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Time Out Ten

Oded Tzur

Here Be Dragons


For this item you need to be able to stop for ten minutes.


We are often moving on to the next job, the next meeting, scrolling down social media, taking the next call ......'Time Out Ten' asks you to stop for ten minutes and listen to a particular piece of jazz; to find a time when you won't be interrupted, when you can put in/on your headphones and chill out. Ten minutes isn't long.

This month we feature the title track from the ECM record Here Be Dragons by Oded Tzur, the New York based, Tel Aviv-born tenor saxophonist, here with Nitai Hershkovitz (piano); Petros Klampanis (double bass) and Jonathan Blake (drums). Don't be mislead by the 'dragons' reference, these dragons are calm.


Take time out for ten to listen to Here Be Dragons.





'In 1439 the Dutch Society of Cartography commissioned one of the greatist artists of the Renaissance, the Florentine architect Filippo Brunelleschi, to join a pirate ship in search of dragons. When the the father of linear perspective stepped onboard the main deck Brunelleschi immediately noticed a giant sea creature slowly climbing up the mast. Dudu the snail, as the other pirates called him, was also carrying what seemed to be a half empty bottle of rum.

It took another month of sailing before the captain finally appeared at the fore. Brunelleschi had heard the stories, but did not expect the most feared pirate in the world to have both light and dark sapphires in her hair. Elisheve was looking at what was forming in the distance: a most terrifying wave. The Renaissance man managed to recover after a friendly pirate poured some rum on his face, but regrettably fainted again when he saw the size of the wave approaching the ship.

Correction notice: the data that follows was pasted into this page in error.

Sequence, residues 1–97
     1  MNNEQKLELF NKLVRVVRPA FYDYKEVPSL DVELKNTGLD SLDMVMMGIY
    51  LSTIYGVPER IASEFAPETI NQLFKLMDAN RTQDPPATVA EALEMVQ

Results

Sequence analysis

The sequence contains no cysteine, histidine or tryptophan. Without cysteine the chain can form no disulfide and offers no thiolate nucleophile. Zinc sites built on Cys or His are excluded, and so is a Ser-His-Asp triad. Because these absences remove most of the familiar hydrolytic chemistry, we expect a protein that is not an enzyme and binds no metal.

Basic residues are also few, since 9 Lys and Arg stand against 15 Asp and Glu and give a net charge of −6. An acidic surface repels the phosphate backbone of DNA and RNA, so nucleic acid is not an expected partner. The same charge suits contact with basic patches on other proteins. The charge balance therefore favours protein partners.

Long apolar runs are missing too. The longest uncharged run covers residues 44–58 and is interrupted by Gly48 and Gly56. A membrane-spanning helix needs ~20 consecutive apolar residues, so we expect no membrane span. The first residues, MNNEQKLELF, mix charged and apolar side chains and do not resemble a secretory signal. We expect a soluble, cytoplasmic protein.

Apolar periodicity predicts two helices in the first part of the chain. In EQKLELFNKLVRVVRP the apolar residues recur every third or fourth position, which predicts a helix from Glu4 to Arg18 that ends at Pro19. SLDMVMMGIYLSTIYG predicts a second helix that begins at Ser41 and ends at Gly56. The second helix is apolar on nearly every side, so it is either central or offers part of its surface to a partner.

During the next few months Brunelleschi learned to stay conscious as they made their way from one set of coordinates to the next. However, he could not reconcile the events that took place with any known science. Every time the ship drew closer to a dragon on the map, the waves got smaller and smaller until they practically disappeared. His instruments measured unbelievable waves from a distance, but in close proximity could only register the slight vibration that, a hundred years later, Galileo Galilei would call a sound wave. Equally difficult to explain was the tendency of the captain and the crew to consistently go straight into danger, as if a treasure was waiting on the other side.





One starlit night the ship came close to a dragon near the coast of the Tupinambà, Which would later become known as Brazil. Having developed his own rum habit by now, Brunelleschi somehow ended up at the helm, where he could swear Dudu was steering the ship and Elisheva was looking into the distance. The astrolabe, compass and maps were all thrown aside, and through the wheel the scientist could see a giant wave approaching. Suddenly, the hull flickered with countless little droplets of water that became suspended in the air. The ship was at full sail but the ocean off the port bow appeared to have come to a halt. Elisheva turned around and said: "Time has no map. All you can do is hear the music. "

The international community took the crisis in the oceans very seriously and Brunelleschi's failure to produce any evidence that the dragons had indeed been slain did significant damage to his career. With no other sea captain up for the journey, the Latin phrase Hic Svnt Draconesr remained on maps for years to come. Nevertheless, the sparse notes he sent to the Dutch Society of Cartography did end with a clarification: "There are no dragons, but here is a song."

Oded Tzur


Here Be Dragons map


Album details: Here Be Dragons

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